OPUS scholarship program offers opportunity

The OPUS program was created by President Scott Miller as part of an initiative to help students with financial obligations graduate. The main reason students do not graduate or complete their degree is the cost. Bearing this in mind, the OPUS program was created to assist those in need. In roughly three and a half years, it has helped approximately 80 students. Assistant Vice President for Student Affairs Jason Seward said this program was “designed to assist students who are stellar Marlins meaning academically they’re in good standing, they’re involved on campus, they’re student leaders and it was created to assist those students who needed to close that financial gap after they’ve exhausted every single financial aid opportunity.”

Priority is given to freshmen and sophomore status students that meet the requirements, but the OPUS program is designed to help freshmen, sophomores, juniors and seniors. Requirements include, but are not limited to, a manageable balance with the university, a certain grade point average and a complete FAFSA. The original pilot plan was to have this program during the summer, but due to the generosity of the Landmark Foundation, the program was able to grow even more and is now offered almost every semester. 

In exchange for the grant money provided, students are currently placed in a position with the facilities management department. The students have assisted with different projects such as campus beautification. They have also assisted with the upkeep of the Greer Environmental Center’s gardens and grounds. The administration hopes to extend the program to other locations around campus, including the library, the dining services center, the university store, the Coastal Market and Harbor Grill.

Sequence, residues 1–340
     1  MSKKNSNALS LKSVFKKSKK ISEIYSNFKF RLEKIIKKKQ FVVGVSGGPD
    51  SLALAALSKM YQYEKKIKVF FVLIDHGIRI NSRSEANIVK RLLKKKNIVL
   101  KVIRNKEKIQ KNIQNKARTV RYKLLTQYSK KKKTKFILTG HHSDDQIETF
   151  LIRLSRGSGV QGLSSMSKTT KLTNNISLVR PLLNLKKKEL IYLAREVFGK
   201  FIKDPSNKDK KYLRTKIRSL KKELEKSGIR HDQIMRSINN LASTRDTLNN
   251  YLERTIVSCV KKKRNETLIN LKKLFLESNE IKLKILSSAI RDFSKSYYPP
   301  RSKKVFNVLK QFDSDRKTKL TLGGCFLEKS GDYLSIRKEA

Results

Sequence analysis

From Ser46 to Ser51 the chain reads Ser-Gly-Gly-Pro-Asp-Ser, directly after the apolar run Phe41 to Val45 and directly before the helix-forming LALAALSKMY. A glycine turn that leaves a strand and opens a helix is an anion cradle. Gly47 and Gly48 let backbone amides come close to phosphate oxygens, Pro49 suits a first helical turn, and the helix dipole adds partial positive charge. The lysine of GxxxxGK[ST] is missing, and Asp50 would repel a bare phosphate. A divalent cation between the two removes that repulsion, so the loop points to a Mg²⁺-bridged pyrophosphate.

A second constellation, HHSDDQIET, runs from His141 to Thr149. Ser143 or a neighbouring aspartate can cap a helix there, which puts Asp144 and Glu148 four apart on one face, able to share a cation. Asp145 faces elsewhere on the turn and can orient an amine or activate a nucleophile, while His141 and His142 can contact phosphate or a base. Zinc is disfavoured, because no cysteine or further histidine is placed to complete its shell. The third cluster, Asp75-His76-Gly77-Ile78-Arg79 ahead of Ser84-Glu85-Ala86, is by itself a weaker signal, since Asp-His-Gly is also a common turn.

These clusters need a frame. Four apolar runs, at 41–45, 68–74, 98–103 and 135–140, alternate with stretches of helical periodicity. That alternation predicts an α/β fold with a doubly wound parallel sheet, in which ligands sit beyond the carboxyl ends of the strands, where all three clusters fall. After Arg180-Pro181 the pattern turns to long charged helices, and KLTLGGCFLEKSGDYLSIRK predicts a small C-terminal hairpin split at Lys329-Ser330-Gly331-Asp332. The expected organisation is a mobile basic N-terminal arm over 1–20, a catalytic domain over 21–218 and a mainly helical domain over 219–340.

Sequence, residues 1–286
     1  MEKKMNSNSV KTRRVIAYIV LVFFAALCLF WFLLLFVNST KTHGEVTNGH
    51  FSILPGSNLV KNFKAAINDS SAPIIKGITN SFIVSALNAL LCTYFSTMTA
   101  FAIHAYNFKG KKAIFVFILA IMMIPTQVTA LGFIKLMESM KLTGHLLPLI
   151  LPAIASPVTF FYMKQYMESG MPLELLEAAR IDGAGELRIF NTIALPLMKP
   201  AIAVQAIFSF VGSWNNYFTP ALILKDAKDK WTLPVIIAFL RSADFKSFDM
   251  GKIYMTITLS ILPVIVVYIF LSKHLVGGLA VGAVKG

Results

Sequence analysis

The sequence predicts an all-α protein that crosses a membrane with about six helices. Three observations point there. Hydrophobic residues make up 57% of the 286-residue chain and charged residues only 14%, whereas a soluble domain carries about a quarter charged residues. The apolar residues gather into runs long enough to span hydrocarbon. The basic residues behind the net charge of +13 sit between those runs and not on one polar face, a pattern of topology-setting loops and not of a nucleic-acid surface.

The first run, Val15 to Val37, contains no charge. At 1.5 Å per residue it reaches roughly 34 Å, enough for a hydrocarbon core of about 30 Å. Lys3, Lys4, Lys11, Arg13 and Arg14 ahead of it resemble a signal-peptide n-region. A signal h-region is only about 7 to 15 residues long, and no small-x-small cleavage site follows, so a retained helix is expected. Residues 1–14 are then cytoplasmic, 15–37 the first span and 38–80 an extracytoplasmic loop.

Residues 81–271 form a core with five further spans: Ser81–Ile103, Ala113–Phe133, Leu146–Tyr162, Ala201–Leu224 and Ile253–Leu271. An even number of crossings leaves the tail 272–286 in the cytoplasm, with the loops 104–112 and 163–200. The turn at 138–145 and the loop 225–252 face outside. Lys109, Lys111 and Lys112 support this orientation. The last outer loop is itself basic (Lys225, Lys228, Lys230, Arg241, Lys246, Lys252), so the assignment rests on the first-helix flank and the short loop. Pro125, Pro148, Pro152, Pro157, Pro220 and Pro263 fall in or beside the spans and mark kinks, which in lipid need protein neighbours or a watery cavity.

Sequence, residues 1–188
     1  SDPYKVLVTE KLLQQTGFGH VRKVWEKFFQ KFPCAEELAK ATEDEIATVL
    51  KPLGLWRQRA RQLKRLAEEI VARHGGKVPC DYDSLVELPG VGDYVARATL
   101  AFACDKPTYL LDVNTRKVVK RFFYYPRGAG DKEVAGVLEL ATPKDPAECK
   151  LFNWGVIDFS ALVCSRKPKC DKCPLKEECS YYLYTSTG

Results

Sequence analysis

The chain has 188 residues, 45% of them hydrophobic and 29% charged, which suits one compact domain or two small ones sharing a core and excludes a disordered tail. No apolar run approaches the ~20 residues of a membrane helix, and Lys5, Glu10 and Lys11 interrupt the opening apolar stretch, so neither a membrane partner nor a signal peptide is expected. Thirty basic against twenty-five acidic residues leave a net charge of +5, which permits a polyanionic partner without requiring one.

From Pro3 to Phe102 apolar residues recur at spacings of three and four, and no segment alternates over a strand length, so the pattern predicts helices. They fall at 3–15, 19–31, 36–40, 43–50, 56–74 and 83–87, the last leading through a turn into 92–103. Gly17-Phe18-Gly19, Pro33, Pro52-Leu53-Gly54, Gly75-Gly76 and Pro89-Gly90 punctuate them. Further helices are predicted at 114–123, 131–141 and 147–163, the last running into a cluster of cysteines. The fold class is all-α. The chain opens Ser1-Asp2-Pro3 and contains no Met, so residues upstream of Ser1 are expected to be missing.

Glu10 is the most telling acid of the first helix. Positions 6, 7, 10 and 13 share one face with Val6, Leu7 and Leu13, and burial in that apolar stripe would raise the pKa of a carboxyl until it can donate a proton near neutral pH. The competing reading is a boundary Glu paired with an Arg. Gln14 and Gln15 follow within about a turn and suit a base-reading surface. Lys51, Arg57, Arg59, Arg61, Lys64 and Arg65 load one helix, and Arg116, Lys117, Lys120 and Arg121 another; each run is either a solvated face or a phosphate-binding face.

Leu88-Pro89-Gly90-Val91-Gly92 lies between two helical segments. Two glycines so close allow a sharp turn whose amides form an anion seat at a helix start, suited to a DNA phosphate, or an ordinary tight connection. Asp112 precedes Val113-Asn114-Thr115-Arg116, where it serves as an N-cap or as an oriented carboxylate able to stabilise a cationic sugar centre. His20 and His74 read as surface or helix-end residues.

Students have greatly benefited from this program. Seward said, “This is a life changing program. This program has helped students … it has allowed people to graduate from here. It’s allowed people to continue their education at a private, liberal arts institution.” Junior Dazjae Johnson has benefitted from OPUS since her freshman year. Johnson said, “Without OPUS, I wouldn’t have the opportunity to be in school and complete my dreams of becoming a therapist for children with cancer.” In addition to helping her achieve her career goals, Johnson also said, it has helped “established meaningful relationships with faculty.” For more information please contact Jason Seward or Vice President of Student Affairs Keith Moore.

Faith Macwana